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The San Francisco call. [volume] (San Francisco [Calif.]) 1895-1913, October 28, 1912, Image 1

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SPORTS ITEMS in Yesterday's
CALL 78
Chronicle 57
Examiner 49
Both Quantity and Quality in The Call
VOLUME CXIL—NO. 150.
GOTHAM QUAILS
BEFORE WRATH
OF UNDERWORLD
Defiant Fist Shaken as After=
math of Becker Trial and
Residents Shudder
Court, Prosecutor and Police
Are Threatened; Reign of
Terror Is Feared
Aged Jurist Warned of Plot to
Kill Him; Special Deputies
Guard the Tombs
PATRICK GALLAGHER
Ik {Special Dispatch to The Call]
NEW YORK, Oct. 27.—Jhe largest,
greatest city in rae United
States faces a reign of terror
tonight. The hand of the under
world, angry, desperate, defiant, is
shaken in a clenched fist in the faces
of the responsible officers of the law.
The aftermath of the conviction of
Charles Becker, police lieutenant
"strong arm" chief, principal in the
conspiracy which murdered Herman
Rosenthal, informer for the district at
torney, is a shower of death threats
aimed at Justice Goff, District Attorney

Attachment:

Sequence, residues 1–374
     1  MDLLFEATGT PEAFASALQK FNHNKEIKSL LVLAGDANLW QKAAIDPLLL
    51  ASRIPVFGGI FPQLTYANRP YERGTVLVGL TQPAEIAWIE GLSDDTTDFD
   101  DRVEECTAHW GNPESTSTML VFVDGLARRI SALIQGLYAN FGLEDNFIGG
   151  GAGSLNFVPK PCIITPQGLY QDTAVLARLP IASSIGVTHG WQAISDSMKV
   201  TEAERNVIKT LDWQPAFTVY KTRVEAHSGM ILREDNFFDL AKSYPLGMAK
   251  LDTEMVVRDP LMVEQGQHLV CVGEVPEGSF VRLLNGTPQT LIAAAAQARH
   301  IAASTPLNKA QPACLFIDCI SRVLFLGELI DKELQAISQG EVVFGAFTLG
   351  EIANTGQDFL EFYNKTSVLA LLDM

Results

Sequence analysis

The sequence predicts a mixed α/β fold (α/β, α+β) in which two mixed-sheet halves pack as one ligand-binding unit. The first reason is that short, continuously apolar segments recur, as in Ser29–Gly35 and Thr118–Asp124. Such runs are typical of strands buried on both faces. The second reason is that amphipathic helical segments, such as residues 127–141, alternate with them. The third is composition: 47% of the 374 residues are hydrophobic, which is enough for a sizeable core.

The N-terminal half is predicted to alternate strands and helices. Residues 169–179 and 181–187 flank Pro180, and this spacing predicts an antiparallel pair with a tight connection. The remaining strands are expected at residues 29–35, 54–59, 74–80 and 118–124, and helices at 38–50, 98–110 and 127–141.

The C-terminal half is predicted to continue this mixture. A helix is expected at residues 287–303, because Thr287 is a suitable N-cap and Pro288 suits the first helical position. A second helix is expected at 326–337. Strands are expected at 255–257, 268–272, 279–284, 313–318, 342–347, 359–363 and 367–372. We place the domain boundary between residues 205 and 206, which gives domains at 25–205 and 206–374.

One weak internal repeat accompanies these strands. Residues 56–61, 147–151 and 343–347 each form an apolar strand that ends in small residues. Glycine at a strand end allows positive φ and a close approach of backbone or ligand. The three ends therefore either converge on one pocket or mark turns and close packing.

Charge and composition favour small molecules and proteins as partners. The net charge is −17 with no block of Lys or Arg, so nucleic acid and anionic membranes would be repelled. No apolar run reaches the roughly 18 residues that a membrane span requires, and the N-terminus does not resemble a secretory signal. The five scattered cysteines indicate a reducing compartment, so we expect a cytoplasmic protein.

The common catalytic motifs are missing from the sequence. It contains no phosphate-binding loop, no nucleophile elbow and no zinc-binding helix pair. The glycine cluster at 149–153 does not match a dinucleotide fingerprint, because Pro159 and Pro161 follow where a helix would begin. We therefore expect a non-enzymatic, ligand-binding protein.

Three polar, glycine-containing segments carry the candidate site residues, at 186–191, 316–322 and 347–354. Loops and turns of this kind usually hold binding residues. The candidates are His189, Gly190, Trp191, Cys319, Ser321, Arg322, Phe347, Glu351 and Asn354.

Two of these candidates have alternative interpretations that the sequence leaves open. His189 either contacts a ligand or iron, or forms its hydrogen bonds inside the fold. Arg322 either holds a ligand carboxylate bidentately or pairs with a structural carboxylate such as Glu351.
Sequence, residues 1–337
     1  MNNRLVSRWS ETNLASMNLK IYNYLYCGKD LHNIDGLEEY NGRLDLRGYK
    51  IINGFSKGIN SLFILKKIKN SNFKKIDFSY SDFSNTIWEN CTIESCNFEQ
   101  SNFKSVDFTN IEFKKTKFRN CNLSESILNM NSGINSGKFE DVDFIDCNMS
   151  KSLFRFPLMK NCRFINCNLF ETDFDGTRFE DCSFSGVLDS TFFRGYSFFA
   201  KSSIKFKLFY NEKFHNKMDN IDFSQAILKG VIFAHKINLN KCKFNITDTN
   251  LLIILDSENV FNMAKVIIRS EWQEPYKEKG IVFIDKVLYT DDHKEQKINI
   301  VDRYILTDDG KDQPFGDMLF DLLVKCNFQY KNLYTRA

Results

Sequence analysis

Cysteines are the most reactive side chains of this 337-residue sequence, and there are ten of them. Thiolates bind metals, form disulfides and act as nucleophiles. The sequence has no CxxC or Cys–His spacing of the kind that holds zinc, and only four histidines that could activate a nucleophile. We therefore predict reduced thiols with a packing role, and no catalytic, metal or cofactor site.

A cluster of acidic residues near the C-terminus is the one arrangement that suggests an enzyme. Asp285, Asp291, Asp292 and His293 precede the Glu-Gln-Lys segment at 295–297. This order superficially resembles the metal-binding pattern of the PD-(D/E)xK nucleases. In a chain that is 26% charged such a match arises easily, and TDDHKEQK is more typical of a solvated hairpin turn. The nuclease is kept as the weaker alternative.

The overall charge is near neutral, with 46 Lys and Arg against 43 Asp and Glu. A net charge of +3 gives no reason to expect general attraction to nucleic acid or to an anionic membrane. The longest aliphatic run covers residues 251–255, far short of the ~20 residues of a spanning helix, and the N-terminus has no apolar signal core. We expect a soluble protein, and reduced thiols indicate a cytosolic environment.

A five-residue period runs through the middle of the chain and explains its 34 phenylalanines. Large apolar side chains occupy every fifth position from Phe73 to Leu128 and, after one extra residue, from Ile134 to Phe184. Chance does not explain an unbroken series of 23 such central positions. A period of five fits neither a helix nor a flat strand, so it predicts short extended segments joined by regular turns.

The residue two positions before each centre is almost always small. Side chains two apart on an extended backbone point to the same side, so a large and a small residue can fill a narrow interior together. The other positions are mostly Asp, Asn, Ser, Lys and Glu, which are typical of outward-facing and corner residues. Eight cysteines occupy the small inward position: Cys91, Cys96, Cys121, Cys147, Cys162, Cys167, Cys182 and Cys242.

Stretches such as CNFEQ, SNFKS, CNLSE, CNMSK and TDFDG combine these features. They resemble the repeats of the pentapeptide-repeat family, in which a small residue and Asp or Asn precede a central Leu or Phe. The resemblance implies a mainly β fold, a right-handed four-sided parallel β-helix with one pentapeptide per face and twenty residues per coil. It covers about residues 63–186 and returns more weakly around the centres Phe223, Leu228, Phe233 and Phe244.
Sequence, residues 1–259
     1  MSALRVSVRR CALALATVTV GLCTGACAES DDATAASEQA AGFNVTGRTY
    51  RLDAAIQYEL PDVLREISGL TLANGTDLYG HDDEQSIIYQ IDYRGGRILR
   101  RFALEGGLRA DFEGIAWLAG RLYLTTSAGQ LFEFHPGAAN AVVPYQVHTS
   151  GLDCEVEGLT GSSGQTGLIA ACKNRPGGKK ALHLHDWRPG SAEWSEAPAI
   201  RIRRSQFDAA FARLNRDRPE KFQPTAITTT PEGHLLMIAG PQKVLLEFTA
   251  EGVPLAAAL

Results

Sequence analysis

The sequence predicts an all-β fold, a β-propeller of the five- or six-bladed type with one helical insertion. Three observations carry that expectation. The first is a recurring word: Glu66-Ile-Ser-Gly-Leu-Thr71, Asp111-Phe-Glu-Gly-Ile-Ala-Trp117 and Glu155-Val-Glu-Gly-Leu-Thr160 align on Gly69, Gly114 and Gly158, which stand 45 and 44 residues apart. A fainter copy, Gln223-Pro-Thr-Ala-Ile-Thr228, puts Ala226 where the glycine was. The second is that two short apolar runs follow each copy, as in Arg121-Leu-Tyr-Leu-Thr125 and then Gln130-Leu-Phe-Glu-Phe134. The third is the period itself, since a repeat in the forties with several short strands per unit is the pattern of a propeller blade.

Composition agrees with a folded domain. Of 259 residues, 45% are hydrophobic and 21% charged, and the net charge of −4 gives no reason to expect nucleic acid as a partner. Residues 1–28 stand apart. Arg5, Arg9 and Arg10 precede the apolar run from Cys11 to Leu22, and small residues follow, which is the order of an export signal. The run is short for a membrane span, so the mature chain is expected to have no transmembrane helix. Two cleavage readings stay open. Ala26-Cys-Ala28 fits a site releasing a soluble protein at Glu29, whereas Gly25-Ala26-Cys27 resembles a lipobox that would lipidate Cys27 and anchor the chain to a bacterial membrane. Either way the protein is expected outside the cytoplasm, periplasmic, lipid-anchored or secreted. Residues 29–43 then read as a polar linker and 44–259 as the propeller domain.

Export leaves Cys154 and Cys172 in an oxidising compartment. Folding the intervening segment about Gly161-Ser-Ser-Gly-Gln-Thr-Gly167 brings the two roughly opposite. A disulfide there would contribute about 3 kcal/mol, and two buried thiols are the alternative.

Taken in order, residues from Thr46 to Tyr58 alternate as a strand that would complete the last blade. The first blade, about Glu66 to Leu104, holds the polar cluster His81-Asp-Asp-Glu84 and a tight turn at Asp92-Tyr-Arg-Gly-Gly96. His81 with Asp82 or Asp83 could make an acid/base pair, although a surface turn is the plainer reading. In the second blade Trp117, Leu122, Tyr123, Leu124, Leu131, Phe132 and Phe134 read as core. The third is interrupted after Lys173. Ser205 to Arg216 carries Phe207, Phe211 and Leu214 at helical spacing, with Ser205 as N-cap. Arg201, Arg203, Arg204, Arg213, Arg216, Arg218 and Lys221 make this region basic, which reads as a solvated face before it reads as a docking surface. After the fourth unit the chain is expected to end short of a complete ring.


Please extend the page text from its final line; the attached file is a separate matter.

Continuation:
Whitman, the prosecution witnesses
and the jury which doomed Becker to
death.
The officials named, the members of
the jury and the witnesses whose lib
erty was not temporarily forfeited by
complicity in the crime, are guarded
night and day by special deputies.
Greater Crime Brewing
A crime more atrocious even than
the killing of the gambler who was
willing to expose the "system," is
feared to be brewing. Citizens are
considering the formation of a vigil-
ance committee to clean out the under-
world. If harm befalls Goff or Whit
man drastic measures will unquestion-
ably be taken by the people of New
York, stung to the last pitch of indig
nation by the threats of the criminal
rings.
"Do not go to court Wednesday,"
Justice Goff was warned today. "If
you carry out your intention and
sentence Becker to the electric chair
♦ you will have sentenced yourself to a
sudden and horrible end."
Goff Shows No Fear
The white haired justice fixed
Wednesday for the solemn pronounce
ment of judgment of the people in the
case against the police lieutenant who
conspired against the people. Justice
Goff is unafraid. This is the ninth
threat which he has received since he
charged the jury, summing up the con
vincing chain of guilt, proving the case
against the accused.
Just before the jury returned to
court at midnight with Becker's death,
warrant written on their set, white
faces the venerable justice was called
Io the telephone in his private chamber.
He was told by some secret foe that a
verdict of "guilty** would mean certain
death to him. "You, have still time,"
warned this unknown voice. "Act
while there is time."
Threats Against Whitman
The judge was unmoved. Even when
the telephone warning was followed by
letters of a similar strain he opposed